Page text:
State legislators in Juneau are in their third week of the 2020 session. Traditionally, the Legislature’s early focus is on agency budgets by subcommittees of the House Finance subcommittees.
By custom, the House originates the operating budget and the initial capital budget is developed in the Senate, with both bodies working off Gov. Mike Dunleavy’s proposals submitted in mid-December.
However, one substantial policy bill already being worked on is Senate Bill 123, which would give the Regulatory Commission of Alaska the power to enforce a set of reliability standards and integrated planning among independent electric utilities serving the Interior-Southcentral Alaska ‘railbelt’ regions
The railbelt refers to Interior Alaska, Mat-Su, Anchorage and the the Kenai Peninsula, which are connected by the Alaska Railroad.
Matanuska Electric Association is playing a leading role in developing the legislation. The overall goal is to ensure more efficient, as well as reliable power generation and transmission.
This has been a long time coming. Efforts have been underway for years to bring the separate railbelt electric utilities together on integrated planning for new projects, reliability standards and eventually the efficient sharing of electricity through the railbelt grid, so that the least-costly power is available.
Also, a set of rules would be agreed to allow independent, mostly private power producers access to the railbelt grid. A more recent focus has been on cyber-security protections.
For different reasons most of the voluntary efforts at coordination have failed but the Regulatory Commission of Alaska has lacked the legal authority, which regulatory commissions have in most other states, to enforce coordination in achieving lower costs for consumers.’
The bill now in the Legislature would change that. It grew out of a request by the Legislature to the RCA to encourage cooperation among the utilities and, failing that, methods the regulatory commission could use in enforcing it.
The legislation sets up a framework for uniform electric interconnection technical standards so that if power is transmitted from one utility to another through the grid it will flow smoothly, without hitches that could trip up a system and cause a disruption. The utilities have worked a lot on this voluntarily but until recently had two different sets of standards. Now they have agreed on one, but SB 123 will provide a mechanism for the regulatory commission to enforce it.
Another outcome of the bill will be required integrated planning and approval by the RCA for major new power generation and transmission facilities, to avoid duplication.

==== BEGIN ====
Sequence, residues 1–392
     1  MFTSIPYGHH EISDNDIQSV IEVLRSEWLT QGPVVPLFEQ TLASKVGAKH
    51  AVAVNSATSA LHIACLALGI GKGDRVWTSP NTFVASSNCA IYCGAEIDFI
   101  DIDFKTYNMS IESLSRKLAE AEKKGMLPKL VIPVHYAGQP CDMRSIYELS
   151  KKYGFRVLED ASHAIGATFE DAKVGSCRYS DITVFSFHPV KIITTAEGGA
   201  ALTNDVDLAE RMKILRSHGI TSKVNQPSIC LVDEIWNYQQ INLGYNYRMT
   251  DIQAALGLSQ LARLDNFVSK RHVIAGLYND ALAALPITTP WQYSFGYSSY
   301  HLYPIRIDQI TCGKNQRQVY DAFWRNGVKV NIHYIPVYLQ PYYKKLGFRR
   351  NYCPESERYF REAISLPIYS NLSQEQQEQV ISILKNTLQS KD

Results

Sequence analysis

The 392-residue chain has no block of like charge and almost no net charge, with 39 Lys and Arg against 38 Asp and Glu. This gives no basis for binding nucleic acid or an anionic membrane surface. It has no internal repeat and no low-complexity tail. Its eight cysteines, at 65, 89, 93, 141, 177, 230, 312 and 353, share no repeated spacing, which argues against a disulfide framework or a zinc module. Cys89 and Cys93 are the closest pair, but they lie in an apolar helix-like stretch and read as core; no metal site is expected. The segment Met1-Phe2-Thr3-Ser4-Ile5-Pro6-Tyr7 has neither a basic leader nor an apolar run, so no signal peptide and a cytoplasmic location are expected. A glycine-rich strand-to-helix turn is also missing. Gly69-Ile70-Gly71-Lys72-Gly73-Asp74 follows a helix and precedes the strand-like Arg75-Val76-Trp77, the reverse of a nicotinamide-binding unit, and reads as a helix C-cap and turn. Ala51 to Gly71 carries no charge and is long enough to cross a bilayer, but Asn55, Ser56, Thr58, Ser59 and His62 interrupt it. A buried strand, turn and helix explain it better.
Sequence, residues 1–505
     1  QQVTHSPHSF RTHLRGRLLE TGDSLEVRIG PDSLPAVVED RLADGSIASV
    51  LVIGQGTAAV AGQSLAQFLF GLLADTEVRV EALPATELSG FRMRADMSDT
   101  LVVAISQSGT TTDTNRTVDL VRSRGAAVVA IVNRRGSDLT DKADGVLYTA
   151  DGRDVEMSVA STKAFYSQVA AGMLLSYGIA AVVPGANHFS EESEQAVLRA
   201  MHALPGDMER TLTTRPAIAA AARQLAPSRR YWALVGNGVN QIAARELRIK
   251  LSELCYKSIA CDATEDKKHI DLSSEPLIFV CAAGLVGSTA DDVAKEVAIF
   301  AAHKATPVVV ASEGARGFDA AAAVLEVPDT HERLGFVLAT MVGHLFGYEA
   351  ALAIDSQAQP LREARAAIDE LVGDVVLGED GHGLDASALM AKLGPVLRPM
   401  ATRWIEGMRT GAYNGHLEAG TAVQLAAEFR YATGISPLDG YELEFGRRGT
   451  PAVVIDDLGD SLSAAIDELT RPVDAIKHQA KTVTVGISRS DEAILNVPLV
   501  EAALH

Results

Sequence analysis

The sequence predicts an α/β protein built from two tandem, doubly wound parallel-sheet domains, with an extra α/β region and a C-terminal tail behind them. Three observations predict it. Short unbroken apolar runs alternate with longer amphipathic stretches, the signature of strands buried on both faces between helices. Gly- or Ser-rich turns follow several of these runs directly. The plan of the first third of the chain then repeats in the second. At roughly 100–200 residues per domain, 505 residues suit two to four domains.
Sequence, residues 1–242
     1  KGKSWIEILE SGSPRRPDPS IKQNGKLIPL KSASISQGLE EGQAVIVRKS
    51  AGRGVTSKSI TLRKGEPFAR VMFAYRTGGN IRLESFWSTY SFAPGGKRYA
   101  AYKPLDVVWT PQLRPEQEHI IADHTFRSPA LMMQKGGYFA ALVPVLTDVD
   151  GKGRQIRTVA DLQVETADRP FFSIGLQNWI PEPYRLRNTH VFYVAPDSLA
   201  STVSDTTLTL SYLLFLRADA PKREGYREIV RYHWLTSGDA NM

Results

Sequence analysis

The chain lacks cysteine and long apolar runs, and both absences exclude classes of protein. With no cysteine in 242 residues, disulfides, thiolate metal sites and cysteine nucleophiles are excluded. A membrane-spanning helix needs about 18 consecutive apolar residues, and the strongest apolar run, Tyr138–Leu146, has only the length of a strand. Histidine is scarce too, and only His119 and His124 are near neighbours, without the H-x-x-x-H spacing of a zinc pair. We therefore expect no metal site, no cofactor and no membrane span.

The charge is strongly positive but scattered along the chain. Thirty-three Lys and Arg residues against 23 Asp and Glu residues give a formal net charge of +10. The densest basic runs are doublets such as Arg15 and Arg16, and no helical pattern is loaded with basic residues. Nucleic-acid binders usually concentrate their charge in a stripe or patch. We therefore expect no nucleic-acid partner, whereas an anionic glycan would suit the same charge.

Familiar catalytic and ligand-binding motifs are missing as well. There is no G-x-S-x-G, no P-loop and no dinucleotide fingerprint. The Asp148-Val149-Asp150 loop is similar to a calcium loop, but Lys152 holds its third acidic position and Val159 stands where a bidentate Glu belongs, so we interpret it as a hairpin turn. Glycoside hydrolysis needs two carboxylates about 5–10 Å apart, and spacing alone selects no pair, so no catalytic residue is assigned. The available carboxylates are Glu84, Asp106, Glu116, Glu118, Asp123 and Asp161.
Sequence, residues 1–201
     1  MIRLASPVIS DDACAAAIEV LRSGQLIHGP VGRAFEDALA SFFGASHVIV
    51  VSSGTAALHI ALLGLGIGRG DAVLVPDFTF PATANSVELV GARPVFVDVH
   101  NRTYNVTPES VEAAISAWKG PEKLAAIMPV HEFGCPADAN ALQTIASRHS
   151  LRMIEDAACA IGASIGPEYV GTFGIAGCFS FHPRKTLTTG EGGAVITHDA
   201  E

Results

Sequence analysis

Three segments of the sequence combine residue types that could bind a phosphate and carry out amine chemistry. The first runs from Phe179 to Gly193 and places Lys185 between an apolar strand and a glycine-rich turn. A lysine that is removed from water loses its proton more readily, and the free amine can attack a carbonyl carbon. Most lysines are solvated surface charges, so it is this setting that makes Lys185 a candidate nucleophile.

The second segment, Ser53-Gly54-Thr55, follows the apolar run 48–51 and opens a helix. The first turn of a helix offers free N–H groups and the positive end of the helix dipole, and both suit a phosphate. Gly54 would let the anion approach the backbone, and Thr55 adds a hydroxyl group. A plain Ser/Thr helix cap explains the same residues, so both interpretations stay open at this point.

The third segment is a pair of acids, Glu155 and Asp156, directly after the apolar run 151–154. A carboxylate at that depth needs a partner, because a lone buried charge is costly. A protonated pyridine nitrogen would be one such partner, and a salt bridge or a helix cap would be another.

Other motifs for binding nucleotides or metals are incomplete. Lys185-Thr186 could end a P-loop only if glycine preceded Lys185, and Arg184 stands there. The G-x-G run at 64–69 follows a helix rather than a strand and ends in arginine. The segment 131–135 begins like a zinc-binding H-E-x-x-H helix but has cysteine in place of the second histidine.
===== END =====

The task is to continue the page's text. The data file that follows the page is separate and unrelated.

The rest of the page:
The bill isn’t passed yet but it has a lot of horsepower behind it. Sen. John Coghill, R-Fairbanks, a veteran legislator who chairs a special Senate committee, is ramrodding the bill. Similar legislation is pending in the House, where the Energy Committee of that body has sponsored HB 151.
The House committee has held one hearing but most of the committee work is being done in the Senate. The House committee has also adopted the language of SB 151 as part its bill, a common legislative procedure that will speed final passage once SB 123 is voted on in the Senate. Previously there had been differences between the House and Senate versions.
On a related energy matter, Gov. Mike Dunleavy voiced strong support for renewable energy in his Jan. 27 State of the State speech. “Inexpensive energy, especially electricity, will be the basis that drives the future economy. If Alaska does it right, we have an opportunity to lead this nation in cheap energy,” the governor said in his speech.
“Whether its tidal, hydro, solar, biomass, wind or geothermal, we have more potential to deploy renewable energy than anywhere else on the planet,” Dunleavy continued.
The governor is keeping specific ideas to himself so far but one of his interests is in the potential Susitna hydro project, according to people who have talked with the governor recently.
According to people who have talked with him about energy in recent days, the governor is interested in knowing what it would cost to complete the Susitna project’s regulatory work on a license from the Federal Energy and Regulatory Commission. Securing the license, which is the major federal approval needed, would make the project “shovel ready” if there is sufficient demand for the power and financing can be arranged.
Former Gov. Gov. Bill Walker stopped work on Susitna when state revenues plunged in 2015 and 2016, and after the state had spent $197 million toward the FERC license. There was also an effort toward licensing in the early 1980s but the project envisioned then was much bigger and involved two separate dams. The more recent proposal was for one dam.
The state has had several energy projects over the years with big investments in hydro projects in Southeast and Southcentral coastal regions as well as the Renewable Energy Fund (REF) to finance renewable projects like wind power and local hydro in small mostly rural communities, to offset high diesel costs. About 80 of the REF projects are now operating and although the program hasn’t had an infusion of new state money in the last two years several projects started earlier are still under development, with engineering and planning work being done. There may also be REF money reallocated from projects that were funded, but then canceled, according to sources familiar with the program.